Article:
The naked mole rat: the best small rodent in the world with which to do research

It might not be cute, but Science magazine recently named the toothy underground rodent its ‘Vertebrate of the Year’ for 2013

Naked mole rat: appears to be cancer-resistant

Naked mole rat: appears to be cancer-resistant

Thu, Jan 9, 2014, 01:00

The naked mole rat may not be conventionally cute, but it has certainly captured the hearts of scientific researchers, and Science magazine recently named the toothy underground rodent its “Vertebrate of the Year” for 2013.

Curiously, the naked mole rat (Heterocephalus glaber) can live a relatively long life – 30 years or more in some cases – and it appears to be protected from cancer. Two studies from the University of Rochester that explored the burrowing mammal’s longevity and anti-cancer strategies helped to win the naked mole rat its 2013 accolade.

One study found an unusual type of molecule, a high-molecular-mass hyaluronan (HA), in the rodent’s tissues. Without it, the naked mole rats seemed to be less resistant to cancer.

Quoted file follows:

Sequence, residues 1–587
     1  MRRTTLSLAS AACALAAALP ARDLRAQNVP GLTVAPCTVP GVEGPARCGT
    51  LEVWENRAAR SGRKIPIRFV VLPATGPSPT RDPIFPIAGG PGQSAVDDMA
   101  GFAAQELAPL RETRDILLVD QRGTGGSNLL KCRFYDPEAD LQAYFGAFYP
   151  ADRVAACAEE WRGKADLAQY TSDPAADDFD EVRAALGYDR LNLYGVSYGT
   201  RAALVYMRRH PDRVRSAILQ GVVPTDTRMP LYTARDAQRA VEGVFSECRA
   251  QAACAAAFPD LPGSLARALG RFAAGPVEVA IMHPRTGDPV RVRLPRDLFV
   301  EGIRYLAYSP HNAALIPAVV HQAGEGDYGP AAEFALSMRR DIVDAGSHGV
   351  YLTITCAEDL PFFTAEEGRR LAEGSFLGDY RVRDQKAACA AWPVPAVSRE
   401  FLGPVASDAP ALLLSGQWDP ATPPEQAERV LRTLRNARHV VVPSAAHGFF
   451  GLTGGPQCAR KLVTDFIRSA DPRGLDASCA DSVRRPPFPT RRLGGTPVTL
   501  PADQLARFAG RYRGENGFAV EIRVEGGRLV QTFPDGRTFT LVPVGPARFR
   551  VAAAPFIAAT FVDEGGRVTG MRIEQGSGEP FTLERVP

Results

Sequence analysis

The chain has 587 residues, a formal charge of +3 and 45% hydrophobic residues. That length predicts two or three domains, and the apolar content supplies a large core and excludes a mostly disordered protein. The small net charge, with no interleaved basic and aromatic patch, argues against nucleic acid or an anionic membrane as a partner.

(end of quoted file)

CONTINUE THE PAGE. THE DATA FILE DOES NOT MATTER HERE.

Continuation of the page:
“We speculate that naked mole rats have evolved a higher concentration of HA in the skin to provide skin elasticity needed for life in underground tunnels,” wrote the researchers in the journal Nature. “This trait may have then been co-opted to provide cancer resistance and longevity to this species.”

In another study, published in the Proceedings of the National Academy of Sciences, the researchers found that naked mole rats are more accurate than mice when making proteins in their cells.

“The next step in our research is to take those mechanisms we discovered in the naked mole rat and then move them into mice, and to see whether mice will live longer and will be more resistant to cancer,” said University of Rochester biologist Prof Vera Gorbunova, in a video on the university’s website.

“This will be a proof of principle that those mechanisms that we discovered in the naked mole rat can be moved to a different species and can ultimately benefit humans.”


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